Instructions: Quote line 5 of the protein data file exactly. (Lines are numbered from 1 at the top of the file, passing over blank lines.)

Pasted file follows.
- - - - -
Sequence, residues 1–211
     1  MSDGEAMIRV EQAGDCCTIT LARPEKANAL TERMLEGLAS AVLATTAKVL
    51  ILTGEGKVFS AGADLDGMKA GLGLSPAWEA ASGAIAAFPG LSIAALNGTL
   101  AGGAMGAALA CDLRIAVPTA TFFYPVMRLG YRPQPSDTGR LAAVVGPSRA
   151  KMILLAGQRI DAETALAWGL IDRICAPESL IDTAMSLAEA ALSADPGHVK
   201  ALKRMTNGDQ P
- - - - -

   151  KMILLAGQRI DAETALAWGL IDRICAPESL IDTAMSLAEA ALSADPGHVK